My aim with reviews is to do one a week but interviewing the author adds complexity because in all fairness they need a bit of time to respond to questions.
Depending on the amount of time I give them to respond this may mean sometimes carrying over to the next Sunday.
We know that drugs and prostitutes are sold around the world, but what is being done to curtail these criminal activities.
Read more: wanted to continue the blog with the self-publishing theme.
We have all had to come to a cross-roads in our publishing career.
Whether it’s starting out as a traditional author and deciding to self-publish novels you have your rights back to, completely self-publish, self-publish along with traditional publish, or even traditional publish while letting your agent’s self-publishing model publish your shorts (we will talk about this on Monday), everyone’s experience is different.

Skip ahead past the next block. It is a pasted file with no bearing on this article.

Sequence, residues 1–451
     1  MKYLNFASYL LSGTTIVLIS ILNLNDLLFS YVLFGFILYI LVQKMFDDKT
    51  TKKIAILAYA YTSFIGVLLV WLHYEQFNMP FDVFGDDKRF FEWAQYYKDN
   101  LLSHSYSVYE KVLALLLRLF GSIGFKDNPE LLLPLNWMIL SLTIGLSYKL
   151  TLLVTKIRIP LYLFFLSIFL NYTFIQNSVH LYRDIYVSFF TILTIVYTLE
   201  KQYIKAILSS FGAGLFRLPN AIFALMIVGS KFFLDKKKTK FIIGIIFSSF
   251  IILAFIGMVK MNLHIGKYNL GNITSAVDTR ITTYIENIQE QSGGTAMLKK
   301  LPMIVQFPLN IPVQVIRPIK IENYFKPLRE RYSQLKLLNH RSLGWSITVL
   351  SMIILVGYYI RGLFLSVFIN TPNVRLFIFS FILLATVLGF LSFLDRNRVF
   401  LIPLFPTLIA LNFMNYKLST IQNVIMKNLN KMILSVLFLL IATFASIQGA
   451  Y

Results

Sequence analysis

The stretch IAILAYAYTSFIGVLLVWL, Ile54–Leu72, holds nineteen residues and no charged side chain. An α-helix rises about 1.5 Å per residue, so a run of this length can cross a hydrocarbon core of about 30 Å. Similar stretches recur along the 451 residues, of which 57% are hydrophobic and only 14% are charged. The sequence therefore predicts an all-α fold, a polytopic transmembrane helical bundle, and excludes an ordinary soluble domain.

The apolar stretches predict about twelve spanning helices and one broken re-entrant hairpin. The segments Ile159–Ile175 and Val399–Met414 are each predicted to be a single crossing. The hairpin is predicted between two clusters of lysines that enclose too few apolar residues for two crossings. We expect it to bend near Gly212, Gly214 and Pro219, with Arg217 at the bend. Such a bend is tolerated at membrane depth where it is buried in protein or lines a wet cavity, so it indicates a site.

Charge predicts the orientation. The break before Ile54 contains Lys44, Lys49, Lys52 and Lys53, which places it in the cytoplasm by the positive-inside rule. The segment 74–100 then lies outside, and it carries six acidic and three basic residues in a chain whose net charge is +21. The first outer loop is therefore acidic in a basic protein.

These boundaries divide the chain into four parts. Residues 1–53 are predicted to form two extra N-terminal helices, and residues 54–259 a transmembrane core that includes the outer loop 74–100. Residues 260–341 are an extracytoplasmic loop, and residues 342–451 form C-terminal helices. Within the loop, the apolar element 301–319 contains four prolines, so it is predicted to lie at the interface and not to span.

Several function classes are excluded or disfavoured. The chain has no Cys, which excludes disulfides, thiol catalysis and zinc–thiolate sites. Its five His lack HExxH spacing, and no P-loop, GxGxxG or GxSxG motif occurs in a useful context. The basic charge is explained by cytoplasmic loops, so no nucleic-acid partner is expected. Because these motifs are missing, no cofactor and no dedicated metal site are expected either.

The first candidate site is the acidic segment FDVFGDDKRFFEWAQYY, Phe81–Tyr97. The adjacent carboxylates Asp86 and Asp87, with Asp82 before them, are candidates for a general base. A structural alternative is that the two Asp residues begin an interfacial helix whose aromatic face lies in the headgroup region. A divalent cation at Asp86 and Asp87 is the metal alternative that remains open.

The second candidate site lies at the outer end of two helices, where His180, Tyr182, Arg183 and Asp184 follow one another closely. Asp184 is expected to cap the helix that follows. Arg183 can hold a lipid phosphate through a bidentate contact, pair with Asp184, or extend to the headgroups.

Seumas Gallacher is a writer based in Abu Dhabi, where he does corporate turnaround and restructuring engagements.
He’s also the author of The Violin Man’s Legacy, his self-published debut crime thriller that’s been selling like hotcakes in the UK since July 2011.
“I’m told my name lends itself to authorship because it’s a little different,” he answers.
Read more: Plain welcomes Seumas Gallacher, visiting today from Abu Dhabi to introduce his newly released crime thriller, .
Pull up a chair and tell us something about yourself, Seumas. I came kicking and screaming into this world a pension’s years ago in Scotland in a little fishing village on the River Clyde, called Glasgow. I remember a story long ago someone told me about a carpenter who lived alone in a cottage in a village in the countryside.
He then travels to Hong Kong where he meets the glamorous chief of ISP’s local bureau, May-Ling.
Together they begin to unravel a complex web of corruption.